There is ecstasy in paying attention. You can get into a kind of Wordsworthian openness to the world, where you see in everything the essence of holiness, a sign that God is implicit in all of creation. Or maybe you are not predisposed to see the world sacramentally, to see everything as an outward and visible sign of inward, invisible grace. This does not mean that you are worthless Philistine scum. Anyone who wants to can be surprised by the beauty or pain of the natural world, of the human mind and heart, and can try to capture just that— the details, the nuance, what is.
“To be engrossed by something outside ourselves is a powerful antidote for the rational mind, the mind that so frequently has its head up its own ass.”
If you start to look around, you will start to see. When what we see catches us off guard, and when we write it as realistically and openly as possible, it offers hope. You look around and say, Wow, there’s that same mockingbird; there’s that woman in the red hat again. The woman in the red hat is about hope because she’s in it up to her neck, too, yet every day she puts on that crazy red hat and walks to town. One of these images might show up dimly in the lower right quadrant of the imaginary Polaroid you took; you didn’t even know at first that it was part of the landscape, and here it turns out to evoke something so deep in you that you can’t put your finger on it. Here is one sentence by Gary Snyder:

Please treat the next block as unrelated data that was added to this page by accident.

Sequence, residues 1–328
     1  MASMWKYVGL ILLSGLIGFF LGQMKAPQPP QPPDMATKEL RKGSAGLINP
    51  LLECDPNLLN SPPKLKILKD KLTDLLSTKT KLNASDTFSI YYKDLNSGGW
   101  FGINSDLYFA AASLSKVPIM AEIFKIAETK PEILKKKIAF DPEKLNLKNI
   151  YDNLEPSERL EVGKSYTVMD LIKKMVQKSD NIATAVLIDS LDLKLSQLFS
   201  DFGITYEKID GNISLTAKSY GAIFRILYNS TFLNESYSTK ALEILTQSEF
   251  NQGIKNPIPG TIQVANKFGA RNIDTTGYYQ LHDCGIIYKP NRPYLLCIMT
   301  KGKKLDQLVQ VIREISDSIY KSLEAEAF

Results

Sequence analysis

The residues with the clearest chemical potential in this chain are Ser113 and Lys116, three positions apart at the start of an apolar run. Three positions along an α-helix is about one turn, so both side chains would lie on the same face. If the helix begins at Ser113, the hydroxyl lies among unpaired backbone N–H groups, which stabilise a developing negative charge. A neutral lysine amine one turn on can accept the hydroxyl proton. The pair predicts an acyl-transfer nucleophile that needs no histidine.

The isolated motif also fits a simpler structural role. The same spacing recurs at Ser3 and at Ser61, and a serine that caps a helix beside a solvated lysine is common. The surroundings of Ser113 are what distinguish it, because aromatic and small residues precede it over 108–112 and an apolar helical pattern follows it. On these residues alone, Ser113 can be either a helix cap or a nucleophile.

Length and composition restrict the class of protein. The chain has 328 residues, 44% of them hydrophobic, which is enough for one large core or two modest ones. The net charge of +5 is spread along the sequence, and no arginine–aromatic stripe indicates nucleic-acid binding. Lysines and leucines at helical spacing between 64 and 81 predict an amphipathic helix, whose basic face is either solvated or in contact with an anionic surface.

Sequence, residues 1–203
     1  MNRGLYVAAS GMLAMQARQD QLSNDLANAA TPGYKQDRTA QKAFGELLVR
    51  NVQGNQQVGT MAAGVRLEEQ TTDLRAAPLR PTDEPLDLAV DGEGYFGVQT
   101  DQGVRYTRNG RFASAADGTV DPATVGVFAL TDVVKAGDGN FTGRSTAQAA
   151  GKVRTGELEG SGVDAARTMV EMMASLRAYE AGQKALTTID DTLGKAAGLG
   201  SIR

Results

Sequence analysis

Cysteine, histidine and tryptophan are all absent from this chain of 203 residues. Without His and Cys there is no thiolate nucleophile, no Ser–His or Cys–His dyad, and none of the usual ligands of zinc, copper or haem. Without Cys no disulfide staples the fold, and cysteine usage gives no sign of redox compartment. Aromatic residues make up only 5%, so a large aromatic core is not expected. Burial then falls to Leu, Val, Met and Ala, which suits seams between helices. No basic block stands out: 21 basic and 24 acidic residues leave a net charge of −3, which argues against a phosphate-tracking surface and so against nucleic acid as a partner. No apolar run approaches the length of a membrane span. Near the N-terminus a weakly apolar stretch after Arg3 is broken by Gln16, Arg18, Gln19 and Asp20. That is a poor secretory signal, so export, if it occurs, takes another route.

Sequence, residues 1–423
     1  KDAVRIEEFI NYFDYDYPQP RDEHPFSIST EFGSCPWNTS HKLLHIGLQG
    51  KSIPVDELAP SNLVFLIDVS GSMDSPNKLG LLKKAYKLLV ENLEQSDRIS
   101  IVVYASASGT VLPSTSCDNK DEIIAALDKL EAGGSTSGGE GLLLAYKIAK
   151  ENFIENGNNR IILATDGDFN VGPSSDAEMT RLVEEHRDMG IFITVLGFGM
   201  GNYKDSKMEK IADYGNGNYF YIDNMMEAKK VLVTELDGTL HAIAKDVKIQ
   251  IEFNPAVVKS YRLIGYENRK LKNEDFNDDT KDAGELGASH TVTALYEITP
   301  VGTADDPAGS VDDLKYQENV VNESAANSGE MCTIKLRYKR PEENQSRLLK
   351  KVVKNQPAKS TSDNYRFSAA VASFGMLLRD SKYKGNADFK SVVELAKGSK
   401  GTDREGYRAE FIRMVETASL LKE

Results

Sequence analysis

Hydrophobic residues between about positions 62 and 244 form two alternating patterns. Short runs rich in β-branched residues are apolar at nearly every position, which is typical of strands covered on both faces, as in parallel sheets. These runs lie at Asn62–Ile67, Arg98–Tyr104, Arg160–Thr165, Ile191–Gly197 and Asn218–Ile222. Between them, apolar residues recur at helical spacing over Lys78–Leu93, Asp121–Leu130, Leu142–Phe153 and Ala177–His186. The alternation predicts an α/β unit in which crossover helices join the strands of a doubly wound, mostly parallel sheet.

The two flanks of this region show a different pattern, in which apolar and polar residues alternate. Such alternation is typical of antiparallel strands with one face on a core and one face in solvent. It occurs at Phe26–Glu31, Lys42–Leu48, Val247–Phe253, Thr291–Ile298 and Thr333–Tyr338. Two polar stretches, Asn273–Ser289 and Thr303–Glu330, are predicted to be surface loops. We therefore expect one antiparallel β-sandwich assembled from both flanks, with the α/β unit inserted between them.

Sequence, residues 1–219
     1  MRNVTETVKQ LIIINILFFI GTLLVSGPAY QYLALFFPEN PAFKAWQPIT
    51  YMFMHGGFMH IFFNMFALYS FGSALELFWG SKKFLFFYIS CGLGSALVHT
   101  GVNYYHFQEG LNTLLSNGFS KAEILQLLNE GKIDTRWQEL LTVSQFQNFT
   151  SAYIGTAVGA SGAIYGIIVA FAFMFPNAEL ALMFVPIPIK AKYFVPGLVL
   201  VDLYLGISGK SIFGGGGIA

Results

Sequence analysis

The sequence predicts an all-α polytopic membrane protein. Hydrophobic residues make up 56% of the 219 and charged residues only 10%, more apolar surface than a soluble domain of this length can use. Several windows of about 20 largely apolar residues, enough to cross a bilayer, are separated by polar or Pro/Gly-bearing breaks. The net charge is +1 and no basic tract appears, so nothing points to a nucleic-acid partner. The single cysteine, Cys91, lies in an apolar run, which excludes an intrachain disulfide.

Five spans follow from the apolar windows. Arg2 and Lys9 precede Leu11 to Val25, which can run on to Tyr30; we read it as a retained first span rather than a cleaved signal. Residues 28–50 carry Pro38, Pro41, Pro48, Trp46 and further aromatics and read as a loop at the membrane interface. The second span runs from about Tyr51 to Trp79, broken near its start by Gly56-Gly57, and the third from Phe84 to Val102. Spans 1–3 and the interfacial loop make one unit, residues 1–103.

Ripples on the surface of the water—
were silver salmon passing under—different
from the ripples caused by breezes